"By the time we went with it," Ailes says, "both of these guys assured me that this was real, well-reported and well-sourced. Some people feel that's a story that's strictly personal. The problem is, they have made their marriage and photo-op love scenes news. They have no problem with the press covering them smooching on the beach." (The White House has said the first couple was unaware that a photographer was shooting that Martha's Vineyard scene.)

Why didn't other news organizations touch the allegations about the Clintons' marriage? In part, Ailes says, because of "individual journalists who become friendly with Hillary and naturally will try to protect them to some degree."

Ailes's contrarian approach goes beyond politics. He boasts about a recent three-part series from Los Angeles reporting that "many educators believe self-esteem teaching is harmful to students."

"The mainstream media will never cover that story," Ailes says. "I've seen 10,000 stories on education and I've never seen one that didn't say the federal government needed to spend more money on education."

Ailes also believes that Fox does a better job covering religion. "Ninety percent of the people in this country say they pray once a week," he says. "I'm not interested in trying to go out and prove they're morons. I don't believe all priests are pedophiles and that all ministers are like Jim and Tammy Faye Bakker."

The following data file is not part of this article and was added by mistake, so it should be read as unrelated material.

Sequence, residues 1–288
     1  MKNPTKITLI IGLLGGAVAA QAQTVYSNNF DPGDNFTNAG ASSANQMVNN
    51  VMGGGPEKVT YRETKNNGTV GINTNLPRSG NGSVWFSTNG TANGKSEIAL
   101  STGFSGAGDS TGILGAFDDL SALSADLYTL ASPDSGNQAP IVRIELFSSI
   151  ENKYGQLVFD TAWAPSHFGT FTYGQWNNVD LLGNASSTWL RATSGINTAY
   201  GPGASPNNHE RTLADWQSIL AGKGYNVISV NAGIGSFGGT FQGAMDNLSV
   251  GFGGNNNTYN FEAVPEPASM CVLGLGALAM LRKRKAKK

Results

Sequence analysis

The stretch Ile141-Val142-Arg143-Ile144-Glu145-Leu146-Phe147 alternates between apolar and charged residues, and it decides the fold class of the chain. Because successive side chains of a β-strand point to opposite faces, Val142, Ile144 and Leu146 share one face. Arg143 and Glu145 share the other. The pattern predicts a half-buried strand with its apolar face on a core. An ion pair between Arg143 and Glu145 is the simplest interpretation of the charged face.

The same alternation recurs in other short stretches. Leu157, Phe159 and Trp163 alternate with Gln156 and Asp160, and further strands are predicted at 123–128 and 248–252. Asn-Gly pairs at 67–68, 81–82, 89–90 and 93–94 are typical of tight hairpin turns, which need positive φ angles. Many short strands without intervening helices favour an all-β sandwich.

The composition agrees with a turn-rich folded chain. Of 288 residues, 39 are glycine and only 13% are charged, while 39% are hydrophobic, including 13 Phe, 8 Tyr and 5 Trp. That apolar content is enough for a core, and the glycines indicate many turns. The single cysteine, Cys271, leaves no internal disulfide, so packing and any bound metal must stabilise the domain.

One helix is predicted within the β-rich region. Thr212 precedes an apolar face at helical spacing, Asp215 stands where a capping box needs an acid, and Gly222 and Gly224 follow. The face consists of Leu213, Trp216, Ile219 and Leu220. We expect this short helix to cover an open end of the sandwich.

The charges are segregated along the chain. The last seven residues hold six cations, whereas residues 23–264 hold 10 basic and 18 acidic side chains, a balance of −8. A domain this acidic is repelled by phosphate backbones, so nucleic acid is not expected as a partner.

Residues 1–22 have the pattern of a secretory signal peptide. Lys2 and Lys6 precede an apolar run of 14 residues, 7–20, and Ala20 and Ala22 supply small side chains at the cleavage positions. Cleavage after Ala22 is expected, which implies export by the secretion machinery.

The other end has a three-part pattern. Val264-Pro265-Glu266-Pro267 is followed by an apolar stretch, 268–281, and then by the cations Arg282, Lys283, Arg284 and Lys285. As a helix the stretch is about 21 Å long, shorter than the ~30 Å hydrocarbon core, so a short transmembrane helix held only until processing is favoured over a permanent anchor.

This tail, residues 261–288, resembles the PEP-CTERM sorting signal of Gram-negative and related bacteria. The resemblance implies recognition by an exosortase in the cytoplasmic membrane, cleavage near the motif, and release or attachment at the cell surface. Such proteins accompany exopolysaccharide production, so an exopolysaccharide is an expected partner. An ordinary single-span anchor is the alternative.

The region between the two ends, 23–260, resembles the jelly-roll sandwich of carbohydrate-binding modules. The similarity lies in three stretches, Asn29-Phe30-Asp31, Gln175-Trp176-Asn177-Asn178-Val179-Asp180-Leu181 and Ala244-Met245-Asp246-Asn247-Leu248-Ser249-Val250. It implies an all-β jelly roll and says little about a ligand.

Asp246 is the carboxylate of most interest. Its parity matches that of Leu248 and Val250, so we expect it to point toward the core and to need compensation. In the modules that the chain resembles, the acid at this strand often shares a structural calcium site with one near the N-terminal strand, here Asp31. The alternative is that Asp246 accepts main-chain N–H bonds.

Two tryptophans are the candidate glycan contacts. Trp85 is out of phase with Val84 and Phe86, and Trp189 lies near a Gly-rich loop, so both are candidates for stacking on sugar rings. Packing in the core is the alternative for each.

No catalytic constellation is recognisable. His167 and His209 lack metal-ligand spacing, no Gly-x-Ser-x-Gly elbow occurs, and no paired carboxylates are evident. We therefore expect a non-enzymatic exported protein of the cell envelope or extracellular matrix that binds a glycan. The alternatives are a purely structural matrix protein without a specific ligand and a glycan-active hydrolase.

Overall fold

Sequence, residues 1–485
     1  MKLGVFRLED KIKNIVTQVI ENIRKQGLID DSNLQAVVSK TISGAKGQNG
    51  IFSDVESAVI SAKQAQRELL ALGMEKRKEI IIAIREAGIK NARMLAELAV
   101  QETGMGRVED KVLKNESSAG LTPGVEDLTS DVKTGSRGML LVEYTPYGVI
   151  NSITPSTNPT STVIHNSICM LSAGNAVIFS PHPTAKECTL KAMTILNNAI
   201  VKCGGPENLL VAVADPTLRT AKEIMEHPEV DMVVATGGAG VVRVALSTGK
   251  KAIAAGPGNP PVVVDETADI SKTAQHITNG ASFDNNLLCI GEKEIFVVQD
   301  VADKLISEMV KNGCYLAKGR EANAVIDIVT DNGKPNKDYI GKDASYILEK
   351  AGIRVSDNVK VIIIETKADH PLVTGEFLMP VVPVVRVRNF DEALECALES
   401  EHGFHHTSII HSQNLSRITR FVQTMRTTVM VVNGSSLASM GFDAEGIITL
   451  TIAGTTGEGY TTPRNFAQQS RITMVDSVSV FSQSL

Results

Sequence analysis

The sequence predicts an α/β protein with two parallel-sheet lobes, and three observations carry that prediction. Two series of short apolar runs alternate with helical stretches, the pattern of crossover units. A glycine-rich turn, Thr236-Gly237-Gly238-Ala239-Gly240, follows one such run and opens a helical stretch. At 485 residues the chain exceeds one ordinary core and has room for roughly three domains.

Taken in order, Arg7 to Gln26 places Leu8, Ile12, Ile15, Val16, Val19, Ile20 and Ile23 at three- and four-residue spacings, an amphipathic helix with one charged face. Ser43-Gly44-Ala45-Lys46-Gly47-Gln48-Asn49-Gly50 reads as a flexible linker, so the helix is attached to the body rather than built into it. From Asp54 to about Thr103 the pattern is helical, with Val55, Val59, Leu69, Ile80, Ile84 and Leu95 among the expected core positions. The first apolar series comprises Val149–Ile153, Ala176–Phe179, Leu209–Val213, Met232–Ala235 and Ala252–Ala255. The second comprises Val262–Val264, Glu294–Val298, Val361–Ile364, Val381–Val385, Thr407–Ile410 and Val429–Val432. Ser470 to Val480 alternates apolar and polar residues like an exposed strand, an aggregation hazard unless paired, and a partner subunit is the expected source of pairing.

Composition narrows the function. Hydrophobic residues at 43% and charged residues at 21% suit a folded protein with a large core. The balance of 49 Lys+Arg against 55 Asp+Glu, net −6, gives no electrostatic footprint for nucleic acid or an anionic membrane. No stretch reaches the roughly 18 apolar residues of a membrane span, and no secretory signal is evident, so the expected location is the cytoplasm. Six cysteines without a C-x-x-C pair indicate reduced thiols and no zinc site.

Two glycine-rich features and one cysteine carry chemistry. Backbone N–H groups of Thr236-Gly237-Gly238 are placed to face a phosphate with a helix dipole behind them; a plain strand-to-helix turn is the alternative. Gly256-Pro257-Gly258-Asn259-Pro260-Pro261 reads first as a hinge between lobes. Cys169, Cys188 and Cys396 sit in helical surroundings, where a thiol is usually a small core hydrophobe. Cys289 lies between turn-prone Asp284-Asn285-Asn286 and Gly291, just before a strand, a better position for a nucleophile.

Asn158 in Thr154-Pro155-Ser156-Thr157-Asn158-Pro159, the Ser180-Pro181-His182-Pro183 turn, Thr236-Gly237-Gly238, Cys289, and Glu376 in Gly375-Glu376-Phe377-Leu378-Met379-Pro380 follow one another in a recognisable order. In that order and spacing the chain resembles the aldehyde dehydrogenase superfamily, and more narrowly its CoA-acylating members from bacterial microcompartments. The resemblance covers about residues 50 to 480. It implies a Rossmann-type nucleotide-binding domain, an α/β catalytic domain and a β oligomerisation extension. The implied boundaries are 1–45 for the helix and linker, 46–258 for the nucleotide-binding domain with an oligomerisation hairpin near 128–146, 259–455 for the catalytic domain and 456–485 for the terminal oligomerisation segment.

For all his bluster, friends say Ailes has mellowed a bit, particularly since his third marriage, to former CNBC executive Elizabeth Tilson last year. "Roger Ailes is one of the softest touches I've ever known," Hume says. "He is a complete softy for people down on their luck."

Ailes's colleagues are well aware of his past life, and some insist it's a plus. "He knows some of the weaknesses of journalism," Moody says. "In his past life, he knew how to play on those, but as a news executive he knows how to fix them."

He knows how to fix ratings as well. Fox News Channel's prime-time ratings jumped 124 percent in February compared with those of a year earlier, while MSNBC was up 8 percent and CNN down 23 percent. In daytime, Fox led the three cable news networks with a 70 percent increase -- all the more impressive because Fox is in 39 million households, compared with 49 million for MSNBC and 76 million for CNN.

Wielding a fat checkbook, Ailes has signed up a slew of brand-name anchors and commentators: Hume, Tony Snow, Fred Barnes, Mort Kondracke, Juan Williams, Mara Liasson, Eleanor Clift, Dick Morris, Matt Drudge. His latest acquisition is Paula Zahn, formerly of "CBS This Morning," who now anchors Fox's 7 p.m. newscast and says she's excited by the newsroom's "energy."